They Might Be Giants
Dial-A-Song – 20 Years of They Might Be Giants
(Rhino 78139)

Ten years ago, it would have been just a ridiculous pipe dream to entertain the thought that one day, They Might Be Giants would release a double disc greatest hits album containing 52 songs. In the event that unlikely event would come to pass, the possibility that I would either be only vaguely aware of, or completely unfamiliar with, a full third of those songs would have been utterly inconceivable.

And yet, here we are ten years on, and it has come to pass. They Might Be Giants has released a 52-song, two disc career retrospective, and I am decidedly unfamiliar with a full fourteen of the songs on it. Somewhere around 1995, I fell off the TMBG wagon, on which I had been a obsessive passenger since about 1989 when I heard "Ana Ng" for the first time. What exactly led to this I donít know. It wasnít the lamented switch to a full band; I loved John Henry, and I still think itís their most underrated album.

Regardless, Factory Showroom was the first album I didnít even buy, and I just really quit paying attention to them for quite a while. But a greatest hits compilation this expansive was a must buy, since it would give me the great stuff, and a chance to hear the songs I had missed.

Unfortunately, as with any greatest hits collection, some of the songs you wish were on it arenít, and there are songs included that just make you say "WTF!!!11" or what ever it is this cool kidz say these days. TMBG have always been a scattershot band with regard to song quality. They can crank out a pop masterpiece like "Birdhouse In Your Soul" or "Theyíll Need A Crane" or "Doctor Worm" one second, and hit you with a piece of elephant dung like "How Can I Sing Like A Girl?" or "S-E-X-X-Y" the next. Thatís not even including the songs that arenít actively horrible, but just donít warrant inclusion here, like "Spider" or "Meet James Ensor."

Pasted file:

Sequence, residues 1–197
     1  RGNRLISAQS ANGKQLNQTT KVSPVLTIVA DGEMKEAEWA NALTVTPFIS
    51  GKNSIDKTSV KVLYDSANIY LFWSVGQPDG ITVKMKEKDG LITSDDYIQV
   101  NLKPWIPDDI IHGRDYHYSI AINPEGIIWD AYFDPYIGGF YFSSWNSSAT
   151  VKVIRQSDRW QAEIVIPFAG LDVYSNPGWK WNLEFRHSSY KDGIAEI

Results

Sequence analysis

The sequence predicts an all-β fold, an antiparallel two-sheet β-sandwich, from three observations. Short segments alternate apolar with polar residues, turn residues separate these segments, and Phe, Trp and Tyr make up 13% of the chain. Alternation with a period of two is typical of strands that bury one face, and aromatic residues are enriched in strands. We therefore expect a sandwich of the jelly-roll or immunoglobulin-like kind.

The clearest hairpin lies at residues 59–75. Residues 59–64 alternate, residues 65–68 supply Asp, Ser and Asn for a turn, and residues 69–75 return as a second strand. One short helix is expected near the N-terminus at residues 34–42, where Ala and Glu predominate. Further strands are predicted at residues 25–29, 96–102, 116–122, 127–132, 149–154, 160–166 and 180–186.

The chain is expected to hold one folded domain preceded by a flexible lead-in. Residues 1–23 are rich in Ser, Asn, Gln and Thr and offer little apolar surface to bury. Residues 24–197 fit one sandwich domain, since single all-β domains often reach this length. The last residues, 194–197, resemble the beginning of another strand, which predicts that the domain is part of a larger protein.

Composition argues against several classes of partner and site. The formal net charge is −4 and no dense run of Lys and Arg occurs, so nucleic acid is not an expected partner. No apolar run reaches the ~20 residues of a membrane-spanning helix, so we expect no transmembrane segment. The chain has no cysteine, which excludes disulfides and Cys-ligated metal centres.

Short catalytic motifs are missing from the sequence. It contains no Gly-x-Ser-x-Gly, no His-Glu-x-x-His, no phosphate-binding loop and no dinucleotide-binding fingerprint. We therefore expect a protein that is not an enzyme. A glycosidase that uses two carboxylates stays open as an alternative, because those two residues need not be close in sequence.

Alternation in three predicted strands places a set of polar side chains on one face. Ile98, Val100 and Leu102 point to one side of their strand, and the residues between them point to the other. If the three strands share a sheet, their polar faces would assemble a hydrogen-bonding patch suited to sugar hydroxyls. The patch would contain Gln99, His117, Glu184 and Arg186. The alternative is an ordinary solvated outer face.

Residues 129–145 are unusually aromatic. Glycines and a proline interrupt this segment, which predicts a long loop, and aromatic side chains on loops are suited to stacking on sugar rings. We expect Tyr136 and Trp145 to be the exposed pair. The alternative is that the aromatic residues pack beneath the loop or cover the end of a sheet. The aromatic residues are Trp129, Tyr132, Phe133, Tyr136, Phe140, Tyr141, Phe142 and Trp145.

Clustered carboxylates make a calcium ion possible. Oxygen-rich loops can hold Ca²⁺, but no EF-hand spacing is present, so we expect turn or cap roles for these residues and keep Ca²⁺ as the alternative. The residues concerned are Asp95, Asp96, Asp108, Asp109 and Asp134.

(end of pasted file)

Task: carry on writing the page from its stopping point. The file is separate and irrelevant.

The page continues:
This whole set also does nothing to sway me from my long-standing opinion that Flansburgh has been dead weight on the whole TMBG operation for years. His great moments ("Put Your Hand Inside The Puppet Head") are few and far between, and his bad moments ("XTC vs. Adam Ant") are truly fucking awful. Some of his best stuff isnít even represented. Whereís "Dirt Bike" or "Sleeping In The Flowers?"

Donít get me wrong, Linnell isnít infallible by any means – "Exquisite Dead Guy" being just one example of this fact – but when Linnell hits the target, itís wondrous, while Flansburgh merely elicits a reaction like youíd give a retarded kid who finally learned not to eat his own feces.

Yow, time to turn down my Anti-Flans dial, or my anti-retard dial, Iím not sure which. I guess itís all personal opinion anyway. My version of this CD would have included songs like "Turn Around," "Dirt Bike," "A Self Called Nowhere," "Sleeping In The Flowers," "Kiss Me, Son Of God," "Someone Keeps Moving My Chair," and a bunch of others, while leaving off a lot of the middling crap. I have to believe that John and John had a lot of input on the track selection here – I canít see any other reason for many of the inclusions.

Still, itís an album worth having if youíre a big TMBG fan, just because, well, because itís TMBG. And for a casual TMBG fan, if there is such a thing, it would probably do fine as well.

Review by Max Power